Regular price: $20.65
Buy Now with 1 Credit
Buy Now for $20.65
I've read most of Banks's work by now, and this is a little underwhelming. After the depth and breadth of Surface Detail, this leaves me feeling a little cold. Banks as always paints sweeping vistas of alien awesomeness and really digs in with amazing concepts and high tech culture. But one doesn't ever really like his characters, only the Minds seem to have any depth to them.
It won't be the last Banks i read, he does keep me hooked enough to continue. But I hope they get better rather than worse from here.
1 of 1 people found this review helpful
Another amazing installment in the culture series. I didn't like them all, but I liked this one. I really couldn't put it down towards the end.
In The Hydrogen Sonata Iain M. Banks - as an outspoken atheist - has finally gotten around to using his Culture universe to explore faith and religion. Though there have never been any gods in his creation (the Minds, though near-omnipotent, are way too vain and profane to fulfill that role) there has always been Subliming: a Heaven-like afterlife for civilisations or Minds to ascend to. He’s never tackled Sublimation head-on before and I was intrigued to see how he would do it; this being Iain M. Banks though, he did it with wit, thoughtfulness and panache (with great dollops of action, sex and intrigue thrown in to spice it up). I couldn't tell which came first, the plot or the theme, but its not important; the plot rattles along - a wondrous travelogue around his beautifully imagined universe - and the theme lies there in the background adding depth to the conversations of the characters we’re following on their various wild-goose chases. Along the way we get to chew over different aspects of religion through the different characters we meet: a hermit Mind who returned from the Sublime representing resurrection; evil and guilt (or lack thereof) are explored through the main antagonists; forgiveness and acceptance of our sins and the meaning of life, the universe and everything according to a millennia-old human. There’s no spiritual epiphany to found though, either by the characters, the author or the readers; the moral (if there is one - I’m not sure it’s even relevant) could be that a truly loving God would welcome all his flawed creations into heaven. Or maybe that personal Truth can be true even if it’s based on lies (and doesn’t hurt anyone). I don’t know, but I love the way that the great mystery at the heart of the story could seem almost irrelevant except for the fact that it’s incredibly important to those involved. Anyways, I really enjoyed the book and it was sublimely narrated (no pun intended) by Peter Kenny - thoroughly recommended!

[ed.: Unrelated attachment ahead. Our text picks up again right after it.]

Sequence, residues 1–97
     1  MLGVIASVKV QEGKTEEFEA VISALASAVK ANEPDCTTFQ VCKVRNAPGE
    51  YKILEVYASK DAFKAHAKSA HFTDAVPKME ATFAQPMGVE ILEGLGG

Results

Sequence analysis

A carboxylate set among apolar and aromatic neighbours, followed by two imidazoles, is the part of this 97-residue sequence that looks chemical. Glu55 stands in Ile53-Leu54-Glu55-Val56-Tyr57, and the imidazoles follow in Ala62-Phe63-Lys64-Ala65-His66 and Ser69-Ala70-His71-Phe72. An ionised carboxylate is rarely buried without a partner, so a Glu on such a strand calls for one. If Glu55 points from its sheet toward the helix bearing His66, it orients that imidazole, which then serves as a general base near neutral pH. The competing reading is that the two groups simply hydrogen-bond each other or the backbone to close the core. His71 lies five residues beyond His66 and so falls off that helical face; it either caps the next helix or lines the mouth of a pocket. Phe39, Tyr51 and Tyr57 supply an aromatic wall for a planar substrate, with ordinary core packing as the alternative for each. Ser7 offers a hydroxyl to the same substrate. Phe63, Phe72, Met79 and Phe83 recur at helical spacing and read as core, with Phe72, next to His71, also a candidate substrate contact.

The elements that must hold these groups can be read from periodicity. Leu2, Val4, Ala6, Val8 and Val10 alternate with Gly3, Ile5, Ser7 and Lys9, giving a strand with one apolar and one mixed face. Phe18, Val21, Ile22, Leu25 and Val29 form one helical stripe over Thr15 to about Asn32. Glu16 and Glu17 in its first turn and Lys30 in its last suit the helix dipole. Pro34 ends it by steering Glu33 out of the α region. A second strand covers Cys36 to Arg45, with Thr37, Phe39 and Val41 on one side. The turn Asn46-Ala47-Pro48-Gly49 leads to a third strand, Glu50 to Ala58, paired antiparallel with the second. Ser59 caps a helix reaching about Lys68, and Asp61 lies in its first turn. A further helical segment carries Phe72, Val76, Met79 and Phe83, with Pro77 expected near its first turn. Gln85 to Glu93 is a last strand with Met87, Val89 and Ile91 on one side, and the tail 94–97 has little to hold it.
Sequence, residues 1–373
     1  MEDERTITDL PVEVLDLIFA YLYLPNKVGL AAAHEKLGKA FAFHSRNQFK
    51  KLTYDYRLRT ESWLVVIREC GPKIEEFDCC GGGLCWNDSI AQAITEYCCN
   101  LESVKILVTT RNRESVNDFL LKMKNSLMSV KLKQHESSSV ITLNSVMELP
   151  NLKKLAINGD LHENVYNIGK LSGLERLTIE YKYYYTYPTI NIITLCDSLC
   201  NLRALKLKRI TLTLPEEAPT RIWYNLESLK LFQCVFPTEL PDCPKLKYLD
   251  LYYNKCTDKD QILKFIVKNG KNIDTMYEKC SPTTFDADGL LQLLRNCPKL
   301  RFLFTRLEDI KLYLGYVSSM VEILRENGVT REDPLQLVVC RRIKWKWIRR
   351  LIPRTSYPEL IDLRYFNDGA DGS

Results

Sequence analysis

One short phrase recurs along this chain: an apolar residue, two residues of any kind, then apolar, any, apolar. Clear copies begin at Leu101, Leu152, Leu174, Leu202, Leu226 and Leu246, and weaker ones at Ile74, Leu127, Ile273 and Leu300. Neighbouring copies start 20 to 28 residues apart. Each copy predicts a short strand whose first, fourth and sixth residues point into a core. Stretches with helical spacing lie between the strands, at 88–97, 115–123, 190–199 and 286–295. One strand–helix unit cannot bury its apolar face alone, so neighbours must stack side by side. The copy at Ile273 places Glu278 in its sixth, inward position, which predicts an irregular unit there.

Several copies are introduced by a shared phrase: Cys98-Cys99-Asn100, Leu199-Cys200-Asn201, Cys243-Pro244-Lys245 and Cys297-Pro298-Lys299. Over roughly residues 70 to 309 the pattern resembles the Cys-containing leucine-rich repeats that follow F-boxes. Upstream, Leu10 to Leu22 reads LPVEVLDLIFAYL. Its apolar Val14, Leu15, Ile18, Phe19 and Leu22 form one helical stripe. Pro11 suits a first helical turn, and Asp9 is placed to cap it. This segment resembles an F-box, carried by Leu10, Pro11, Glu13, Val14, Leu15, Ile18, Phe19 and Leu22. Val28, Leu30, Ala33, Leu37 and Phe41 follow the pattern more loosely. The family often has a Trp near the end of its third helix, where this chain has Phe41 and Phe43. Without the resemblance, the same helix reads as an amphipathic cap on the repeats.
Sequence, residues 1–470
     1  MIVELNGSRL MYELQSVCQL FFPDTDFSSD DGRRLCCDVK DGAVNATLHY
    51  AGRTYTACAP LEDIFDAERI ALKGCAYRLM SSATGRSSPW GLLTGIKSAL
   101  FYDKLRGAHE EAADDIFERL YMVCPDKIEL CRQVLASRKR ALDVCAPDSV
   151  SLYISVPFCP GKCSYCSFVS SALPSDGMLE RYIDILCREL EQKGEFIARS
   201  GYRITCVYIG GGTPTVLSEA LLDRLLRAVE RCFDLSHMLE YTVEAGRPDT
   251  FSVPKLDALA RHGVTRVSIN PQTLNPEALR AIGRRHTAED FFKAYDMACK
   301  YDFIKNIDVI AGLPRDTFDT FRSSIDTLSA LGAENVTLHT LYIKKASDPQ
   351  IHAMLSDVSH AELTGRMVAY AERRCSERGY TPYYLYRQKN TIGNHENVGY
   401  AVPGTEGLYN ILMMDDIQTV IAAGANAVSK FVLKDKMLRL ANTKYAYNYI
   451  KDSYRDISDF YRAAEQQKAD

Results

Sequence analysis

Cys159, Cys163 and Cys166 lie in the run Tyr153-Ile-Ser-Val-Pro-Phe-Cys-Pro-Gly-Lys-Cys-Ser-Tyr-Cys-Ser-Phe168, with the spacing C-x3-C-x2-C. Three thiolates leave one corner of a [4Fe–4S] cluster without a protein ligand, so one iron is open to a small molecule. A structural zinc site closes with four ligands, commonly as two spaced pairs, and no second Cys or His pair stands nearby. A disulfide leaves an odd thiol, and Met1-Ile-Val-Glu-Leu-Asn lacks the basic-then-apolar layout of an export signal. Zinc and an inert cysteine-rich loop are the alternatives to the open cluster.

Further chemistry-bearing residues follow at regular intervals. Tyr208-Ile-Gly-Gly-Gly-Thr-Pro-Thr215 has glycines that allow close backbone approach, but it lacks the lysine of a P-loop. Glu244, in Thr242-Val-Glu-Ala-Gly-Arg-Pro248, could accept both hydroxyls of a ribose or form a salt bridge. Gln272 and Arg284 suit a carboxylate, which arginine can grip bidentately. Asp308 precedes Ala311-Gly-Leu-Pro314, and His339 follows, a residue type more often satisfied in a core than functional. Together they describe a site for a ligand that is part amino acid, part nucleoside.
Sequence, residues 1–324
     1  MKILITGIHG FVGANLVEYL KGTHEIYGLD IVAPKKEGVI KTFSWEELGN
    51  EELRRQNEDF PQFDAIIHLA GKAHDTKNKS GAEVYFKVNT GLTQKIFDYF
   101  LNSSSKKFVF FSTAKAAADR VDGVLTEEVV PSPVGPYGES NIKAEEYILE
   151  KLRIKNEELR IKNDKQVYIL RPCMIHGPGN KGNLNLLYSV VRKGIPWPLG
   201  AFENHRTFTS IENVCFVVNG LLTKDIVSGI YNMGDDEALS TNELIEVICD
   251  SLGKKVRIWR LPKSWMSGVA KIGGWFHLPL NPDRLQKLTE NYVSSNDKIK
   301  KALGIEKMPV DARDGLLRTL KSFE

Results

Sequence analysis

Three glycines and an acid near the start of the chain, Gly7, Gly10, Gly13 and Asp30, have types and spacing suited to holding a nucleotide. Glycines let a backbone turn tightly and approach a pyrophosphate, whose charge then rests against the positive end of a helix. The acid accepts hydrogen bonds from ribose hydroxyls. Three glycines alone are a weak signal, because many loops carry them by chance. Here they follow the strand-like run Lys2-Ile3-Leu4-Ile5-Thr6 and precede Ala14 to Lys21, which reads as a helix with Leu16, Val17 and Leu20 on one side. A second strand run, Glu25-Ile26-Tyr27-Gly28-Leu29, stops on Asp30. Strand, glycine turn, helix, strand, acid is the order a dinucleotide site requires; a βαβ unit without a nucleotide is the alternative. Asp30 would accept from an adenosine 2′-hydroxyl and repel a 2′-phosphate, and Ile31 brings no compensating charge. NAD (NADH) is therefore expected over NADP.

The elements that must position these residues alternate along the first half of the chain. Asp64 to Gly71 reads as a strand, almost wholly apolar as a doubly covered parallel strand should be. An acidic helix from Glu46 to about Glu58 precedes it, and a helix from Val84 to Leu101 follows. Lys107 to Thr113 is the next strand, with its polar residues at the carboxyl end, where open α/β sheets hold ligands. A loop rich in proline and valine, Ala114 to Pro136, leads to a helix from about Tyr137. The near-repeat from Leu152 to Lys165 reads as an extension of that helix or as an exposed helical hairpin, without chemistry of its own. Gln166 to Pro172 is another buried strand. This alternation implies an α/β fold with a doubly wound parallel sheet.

7 of 7 people found this review helpful
Yet again Banks supplies a gripping tale of eons spanning intrigue. This story doesn't have quite the depth of some previous Culture novels but it gives another insight into the many layers that make up his Universe. The Culture ship Minds steal the show yet again but you can't deny that without their seemingly 'pet' biologicals they would get bored and have no choice but to Sublime which would seem to be the point of this book.
4 of 4 people found this review helpful